Policy & Research
At VACFSS our goal is for policy, research, training and quality assurance (QA) processes to work together to support restorative practice. This is practice that:
- Is grounded in intergenerational Indigenous knowledge systems, worldview, and the culture of the family being served
- Is framed within an awareness of and engagement with colonial history
- Departs from the approaches of mainstream social work, in favour of strengths-based, graduated and supportive client engagement, and
- Results in measurable positive change for the family or families served.
Our research, policy, training and QA grow from the experiences and needs of our families. We strive to ensure that:
- Our training is guided by VACFSS policies and grounded in our values, cultural knowledge, research and messages from our families as to what works best
- Our research addresses important practice problems, empowers those who participate and leads to findings that strengthen our policies, training and restorative practice
- Our policies are evidence-informed and meet or beat provincial standards while articulating our unique vision, values and practices
- Our Quality Assurance processes honour the experiences of our families, strengthen relationships and support organizational learning
Research At VACFSS
Research plays a big role at VACFSS. Over the years we have collaborated with notable external researchers and conducted numerous internal research projects to understand and strengthen our practice. Our approach is grounded in Indigenous, participatory and community-based approaches. We have often conducted and disseminated research in partnership with our youth in care, building their capacity as co-researchers through initiatives like the Youth Research Working Group, Youth Research Assistant positions and co-hosted Research Slams. Questions explored through recent studies include:
- What pathways of decision-making and practice yield the most restorative outcomes for children and families connected to the child protection program at VACFSS? How may VACFSS ensure the application of this decision-making model and practice pathways/strategies more consistently across the organization?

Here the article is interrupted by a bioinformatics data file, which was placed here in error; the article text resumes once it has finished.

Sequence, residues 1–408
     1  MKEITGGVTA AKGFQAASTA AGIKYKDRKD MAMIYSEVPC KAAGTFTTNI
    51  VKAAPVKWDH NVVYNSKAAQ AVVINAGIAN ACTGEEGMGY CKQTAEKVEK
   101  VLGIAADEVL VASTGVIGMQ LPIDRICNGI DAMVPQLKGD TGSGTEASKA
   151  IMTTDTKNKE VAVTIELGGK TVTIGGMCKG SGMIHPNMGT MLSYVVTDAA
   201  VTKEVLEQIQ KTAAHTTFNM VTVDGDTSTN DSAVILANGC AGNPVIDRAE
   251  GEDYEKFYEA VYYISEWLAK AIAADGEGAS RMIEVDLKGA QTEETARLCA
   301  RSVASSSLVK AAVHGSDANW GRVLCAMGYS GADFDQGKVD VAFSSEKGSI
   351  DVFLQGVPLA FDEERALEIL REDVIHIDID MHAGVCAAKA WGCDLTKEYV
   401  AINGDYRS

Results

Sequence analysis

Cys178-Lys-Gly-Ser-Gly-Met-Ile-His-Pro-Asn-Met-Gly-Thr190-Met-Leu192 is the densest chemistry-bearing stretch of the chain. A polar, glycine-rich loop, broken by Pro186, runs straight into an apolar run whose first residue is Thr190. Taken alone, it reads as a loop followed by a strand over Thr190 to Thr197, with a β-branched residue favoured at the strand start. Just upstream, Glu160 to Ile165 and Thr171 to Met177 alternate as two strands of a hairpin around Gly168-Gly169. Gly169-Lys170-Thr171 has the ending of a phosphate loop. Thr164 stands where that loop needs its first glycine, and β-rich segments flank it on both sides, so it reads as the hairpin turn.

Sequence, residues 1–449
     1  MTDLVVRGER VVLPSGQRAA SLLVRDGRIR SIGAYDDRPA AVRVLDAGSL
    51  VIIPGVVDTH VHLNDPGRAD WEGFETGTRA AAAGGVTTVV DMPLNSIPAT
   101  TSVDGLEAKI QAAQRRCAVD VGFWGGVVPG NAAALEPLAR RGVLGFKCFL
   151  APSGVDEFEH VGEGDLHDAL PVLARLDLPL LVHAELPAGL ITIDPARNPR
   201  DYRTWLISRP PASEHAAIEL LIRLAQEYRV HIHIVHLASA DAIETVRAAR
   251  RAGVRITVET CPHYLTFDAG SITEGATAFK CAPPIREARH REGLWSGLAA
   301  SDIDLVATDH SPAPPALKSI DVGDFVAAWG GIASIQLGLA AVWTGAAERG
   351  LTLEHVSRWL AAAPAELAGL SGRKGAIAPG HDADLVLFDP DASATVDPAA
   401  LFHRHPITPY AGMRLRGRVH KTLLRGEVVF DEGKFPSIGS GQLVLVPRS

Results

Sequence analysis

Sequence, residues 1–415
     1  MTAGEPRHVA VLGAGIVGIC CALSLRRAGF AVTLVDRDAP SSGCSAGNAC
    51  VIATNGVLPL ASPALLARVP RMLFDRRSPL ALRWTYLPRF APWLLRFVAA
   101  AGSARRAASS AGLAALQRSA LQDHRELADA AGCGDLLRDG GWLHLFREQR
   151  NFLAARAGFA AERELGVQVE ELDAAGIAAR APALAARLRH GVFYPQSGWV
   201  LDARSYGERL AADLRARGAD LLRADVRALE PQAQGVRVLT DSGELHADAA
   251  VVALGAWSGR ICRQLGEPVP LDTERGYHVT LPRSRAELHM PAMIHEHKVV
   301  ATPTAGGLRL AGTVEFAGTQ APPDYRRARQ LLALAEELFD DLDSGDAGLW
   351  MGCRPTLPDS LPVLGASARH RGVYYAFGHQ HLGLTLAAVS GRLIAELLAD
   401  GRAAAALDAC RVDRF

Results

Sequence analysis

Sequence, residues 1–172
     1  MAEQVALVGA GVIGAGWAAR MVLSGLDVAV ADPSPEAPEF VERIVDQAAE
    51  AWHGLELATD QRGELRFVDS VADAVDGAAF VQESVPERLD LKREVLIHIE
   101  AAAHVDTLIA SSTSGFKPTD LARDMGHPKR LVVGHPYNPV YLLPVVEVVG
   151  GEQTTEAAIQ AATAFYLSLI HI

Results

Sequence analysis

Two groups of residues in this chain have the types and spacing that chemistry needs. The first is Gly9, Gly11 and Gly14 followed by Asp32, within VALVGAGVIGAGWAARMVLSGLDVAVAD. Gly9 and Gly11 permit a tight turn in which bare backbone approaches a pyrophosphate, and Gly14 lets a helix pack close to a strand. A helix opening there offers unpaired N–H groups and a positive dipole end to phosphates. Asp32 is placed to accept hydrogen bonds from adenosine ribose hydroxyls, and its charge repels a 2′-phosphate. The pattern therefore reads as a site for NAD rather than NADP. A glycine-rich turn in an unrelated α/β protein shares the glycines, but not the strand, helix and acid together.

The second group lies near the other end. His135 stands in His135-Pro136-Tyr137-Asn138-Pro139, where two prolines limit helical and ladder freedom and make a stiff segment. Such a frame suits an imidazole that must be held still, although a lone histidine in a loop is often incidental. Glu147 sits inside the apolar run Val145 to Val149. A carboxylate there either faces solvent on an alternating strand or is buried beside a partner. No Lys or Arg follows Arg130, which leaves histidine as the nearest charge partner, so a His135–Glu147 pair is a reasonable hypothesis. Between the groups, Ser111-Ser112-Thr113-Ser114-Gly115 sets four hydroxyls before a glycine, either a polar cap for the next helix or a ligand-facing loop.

- What are the implications of the Inclusive Foster Care policy for children and youth in care?
- How do VACFSS’s youth engagement programs (CRUW and YAC) impact the identity and social development of children and youth? What lessons can we learn from these programs to more consistently support youth across Guardianship at VACFSS?
VACFSS has its own Research Committee and Research Ethics Approval Process. One of the Strategic Priorities of the VACFSS Board is to share our experiences in developing and implementing VACFSS child welfare policies and practices, and this means disseminating our research findings. Community partners have been welcomed into our research circles as we work together to consider research findings and implement recommendations. Research articles are submitted to academic journals and our latest Research Conference was held in February 2019. Titled Strengthening our Relations: Restoring Family Within Community, it brought together people from many Nations and across the country to consider together how we can do Indigenous child welfare in a good way.
At VACFSS we are committed to developing policies that support restorative practice and reflect the unique aspects of our work with urban Indigenous families. We are obligated to work in accordance with provincial child welfare legislation like the Child, Family and Community Services Act, and to comply with Ministry for Children and Family Development policies. However, we are working to reimagine this legislative and policy framework to support fundamentally different practice holding Indigenous children as sacred bundles at the centre of all we do.
VACFSS policies like Keeping our Children Safe and Raising our Children Together were among the first in the province to embody the Aboriginal Policy and Practice Framework, guiding workers through the process of Gathering the circle; Listening, assessing and finding solutions; Creating security, belonging and well-being; and Keeping the circle strong. They outline an approach to working collaboratively with families that incorporates ceremony, culturally grounded services, Elder support and ongoing partnership with the child’s Nation. They intersect with policies like Touching the Land of Our Relations, supporting children in VACFSS care to visit their traditional territories, and our Inclusive Foster Care policy, requiring caregivers to join the child’s circle and to uphold the child’s rights to their family, community and culture throughout the time they are in care.